Core

After a delightfully lazy and relaxing (aside from Saturday’s routine He-man duties on the bike and in the pool) four day holiday weekend, it’s back to the daily grind today beginning with Day 59 if the “Core Project” and this ‘That Swing Thing!’  album by the Terry Gibbs Quartet.

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This is another of our ¢0.75 album buffet from the Flea Market.

Funny enough, this splurge on 30 or so record has provided me with both a) a healthy collection of both Dixieland and vibraphone-based Jazz albums and, b) a new appreciate for both.

Or (as in the case of the vibraphone) simply an appreciation.

Period.

Anyway, vibraphonist Terry Gibbs (love the name, dude!)  has so much energy here that even the ballads on this obscure 1961 LP on the Verve label seem…hyper.

Oh, and get this:  it was even recorded Live at Shelly’s ManneHole in Los Angeles, California with Gibbs, pianist Pat Moran, bassist Jimmy Bond and drummer Gary Frommer, who all romp through such tunes as ‘Let My People Blow’, ‘Moanin‘ (my favorite), ‘Mannehole March’  and even ‘Three Blind Mice’ (my 2nd favorite).

What can I say?

It’s fun music.

What special cosmic force in the world decided that I simply needed more vibraphone music in my life, I’ll never know…

…but, hey, thanks!

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Family Day Vinyl (Part 5)

Onward and forward into our Family Day Vinyl celebration (let it never be said that this family doesn’t have an eclectic taste in music) this evening, this time with a little “New School” reggae with this ‘Killer On a Rampage’  album by Eddy Grant.

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And, boy, is that going to be some kinda rampage given them there stylish short shorts, amiright?

Anyway, this is one of the albums that HRH got in her “Big Box o’ Reggae’ for her birthday.

I figured it was essential listening for a budding reggae fan.

That and my mother absolutely LOVED Eddie Grant…

…I mean, she seriously loved her some Eddy.

This was my mother in the car whenever Eddy came on the radio:

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Truth!

Okay, maybe not us kids in the backseat and even she might have been a bit more reserved about it, but it was exactly the same sentiment in her mind…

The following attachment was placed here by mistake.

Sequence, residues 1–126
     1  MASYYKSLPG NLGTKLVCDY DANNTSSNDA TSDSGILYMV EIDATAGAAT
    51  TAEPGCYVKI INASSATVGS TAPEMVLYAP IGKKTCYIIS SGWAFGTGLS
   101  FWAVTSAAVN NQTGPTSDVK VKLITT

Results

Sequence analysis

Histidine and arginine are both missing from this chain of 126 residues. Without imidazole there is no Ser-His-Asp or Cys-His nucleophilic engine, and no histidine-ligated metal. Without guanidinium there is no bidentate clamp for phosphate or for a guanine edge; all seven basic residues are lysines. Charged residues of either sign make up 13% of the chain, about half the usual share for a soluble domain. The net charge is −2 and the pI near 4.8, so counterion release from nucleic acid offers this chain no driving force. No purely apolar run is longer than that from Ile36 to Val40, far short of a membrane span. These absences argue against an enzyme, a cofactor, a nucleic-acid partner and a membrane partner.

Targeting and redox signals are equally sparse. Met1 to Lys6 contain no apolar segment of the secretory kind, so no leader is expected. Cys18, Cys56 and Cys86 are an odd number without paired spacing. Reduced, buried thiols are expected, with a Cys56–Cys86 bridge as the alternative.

But I digress…

This being Eddy’s most popular album released in 1982’s, was an international hit, slaying its way into the Top Ten in the U.S.  The album spun off the smash hit ‘Electric Avenue’, while two further tracks – ‘I Don’t Wanna Dance’ and ‘War Party’ – also hit in the U.K. (as well as in my mom’s car stereo), with the former topping the British chart.

Surprising considering its success, the self-composed, performed, and produced album is not far removed from Grant’s previous efforts; it’s just a little slicker, but still as musically adventurous. The mighty ‘Electric Avenue’ is an almost primal slab of funk punctuated by a pumping beat and percolating synthesizer. ‘Funky Rock’n Roll’  headed more toward rock while tossing in a solid dance beat, while the tough ‘War Party’ melded together funk and deep roots.

Generous helpings of pop are lavished across the rest of the record, foamy concoctions of strong synth beats and bright melodies, all spiced with smatterings of rock, funk, and wave.  For a single, shining moment, Grant was at one with the entire music continuum, creating a nigh on perfect hybrid twining together music’s strongest strands. From the hippest discos to the funkiest inner-city clubs, into the rock stadiums and out to the Latin quarter, ‘Killer on the Rampage’ danced on a pinhead where all genres intersected.  It was a magical feat never to be repeated, but brilliant while it lasted…

…much to my mother’s major disappointment I might add.

(Click HERE for the final Part 6 of our big Family Day Vinyl celebration today)

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Family Day Vinyl (Part 4)

(Click HERE for Part 3 of the Family Play record playlist)

It’s getting into the evening now and, so far so good – a state of peace and tranquility has managed to maintain itself over our humble household.

That means no one has killed one another, so we’re moving on then with our next listen on this Family Day holiday, the ‘Book of Taliesyn’ album by Deep Purple.

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This was HRH’s big score from the flea market a few weekends back.  It was more expensive then she was willing to learn but she has learned that batting a few eyelashes will carry her a little favour from the older record dealers and, hey, power  to her too as this is what we inevitably get to being home on occasion.

Of course, it also has a oiseau on the cover.

But even with that aside, the cover is Simply the Tits anyway.

‘The Book of Taliesyn’  is the 2nd studio album by English rock band Deep Purple, recorded only three months after ‘Shades of Deep Purple’ and released by Tetragrammaton Records in October 1968, just before their first US tour.